A Survey of the Prophets - Haggai
Historical Background of the Book. The Jews had been held captive in the land of Babylon for about 60 years. Around 540 B.C., King Cyrus of the Medeo-Persian Empire displaced the Babylonians. Being favorably inclined toward the Jews, he allowed about 50,000 Jews to return to Canaan around 539 B.C. under the leadership of Zerubbabel and Joshua (Ezra 1-2). Around 536 B.C., they began rebuilding the temple which had been destroyed by the Babylonians 50 years prior (Ezra 3). However, they encountered opposition from the local inhabitants to the north, the Samaritans, Gentiles the Assyrians had placed in the area after displacing the Northern Kingdom. By decree of King Artaxerxes, Cyrus successor, construction on the temple was halted around 535 B.C. (Ezra 4).
The Author and the Audience. Around 520 B.C., the word of the Lord came to Haggai (Ezra 5:1). Little is known about him. Some scholars suggest he may have witnessed the destruction of the temple by the Babylonians. His audience was Zerubabbel, Joshua, and the Jews in Jerusalem.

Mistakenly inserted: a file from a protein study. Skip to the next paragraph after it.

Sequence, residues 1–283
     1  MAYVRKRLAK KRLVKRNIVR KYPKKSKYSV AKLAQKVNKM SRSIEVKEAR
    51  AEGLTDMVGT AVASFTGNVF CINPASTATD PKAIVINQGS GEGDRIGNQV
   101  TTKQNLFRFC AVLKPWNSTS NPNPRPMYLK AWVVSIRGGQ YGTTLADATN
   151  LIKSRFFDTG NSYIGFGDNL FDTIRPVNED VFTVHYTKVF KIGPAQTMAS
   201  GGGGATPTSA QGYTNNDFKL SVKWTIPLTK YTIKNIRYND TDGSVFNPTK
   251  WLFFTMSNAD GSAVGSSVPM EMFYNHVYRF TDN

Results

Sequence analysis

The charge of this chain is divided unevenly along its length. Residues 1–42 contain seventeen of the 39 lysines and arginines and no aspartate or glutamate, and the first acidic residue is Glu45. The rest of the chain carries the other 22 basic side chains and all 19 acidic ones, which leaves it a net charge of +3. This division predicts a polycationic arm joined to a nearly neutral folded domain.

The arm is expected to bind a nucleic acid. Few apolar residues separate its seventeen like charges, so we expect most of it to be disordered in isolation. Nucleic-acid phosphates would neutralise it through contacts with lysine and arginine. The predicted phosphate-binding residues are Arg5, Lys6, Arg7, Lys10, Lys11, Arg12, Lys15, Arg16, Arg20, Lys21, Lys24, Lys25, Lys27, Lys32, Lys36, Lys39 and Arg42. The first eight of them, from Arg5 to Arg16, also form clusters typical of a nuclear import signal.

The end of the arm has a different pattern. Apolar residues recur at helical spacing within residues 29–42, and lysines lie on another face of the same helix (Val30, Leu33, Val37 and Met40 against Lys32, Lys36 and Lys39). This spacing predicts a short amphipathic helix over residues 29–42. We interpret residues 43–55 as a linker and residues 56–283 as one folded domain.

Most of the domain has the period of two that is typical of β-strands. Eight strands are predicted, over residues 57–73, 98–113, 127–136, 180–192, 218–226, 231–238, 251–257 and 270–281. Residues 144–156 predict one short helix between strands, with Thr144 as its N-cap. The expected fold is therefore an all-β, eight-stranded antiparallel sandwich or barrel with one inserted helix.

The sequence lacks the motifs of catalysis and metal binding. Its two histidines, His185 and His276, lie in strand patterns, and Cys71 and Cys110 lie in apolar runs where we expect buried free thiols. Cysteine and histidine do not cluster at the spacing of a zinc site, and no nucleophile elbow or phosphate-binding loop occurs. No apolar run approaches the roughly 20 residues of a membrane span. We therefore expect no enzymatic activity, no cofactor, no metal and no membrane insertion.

Outline/Major Themes. The overall theme of the book of Haggai is two fold: 1) the Jews have not prospered because they have neglected the rebuilding of the temple and 2) they needed to repent, get to work, and finish the job.
- Ch. 1:1-11 The call to repent and rebuild
- Ch. 1:12-15 Zerubabbel's response of repentance
- Ch. 2:1-9 Encouragement since the rebuilt temple would be filled with God's glory
- Ch. 2:10-19 The people would be restored and blessed
- Ch. 2:20-23 A promise made to Zerubabbel which has messianic overtones To the Jews' credit, they resumed construction and completed the temple about five years later (Ezra 5-6).
- The lingering consequences of sin - The overall temple complex built during Zerubbabel's time was smaller than Solomon's and had less gold and precious stones. The ark of the covenant, the 10 commandment tablets, and the mercy seat had been lost or destroyed along with the first temple. Likewise today, Christians can repent of sin, but sometimes sin has lingering consequences (e.g., weakened spiritual influence, unplanned pregnancies, an increased appetite for sinful things).
- The ends don't justify the means - The Jews did not accept help from the idolatrous Gentiles to the north. According to the New Testament pattern, congregations today are to be financed by the free-will offerings of Christians (not by selling merchandise or services to the general public nor by financial appeals to non-Christians such as bake sales, garage sales, or rummage sales).
- Always put God first (Matt. 6:24-34; Matt. 13:7, 22).
- Don't become weary in doing good by external persecution or by internal indifference (Rev. 2:4-5; Heb. 10:24-25; Gal. 6:9).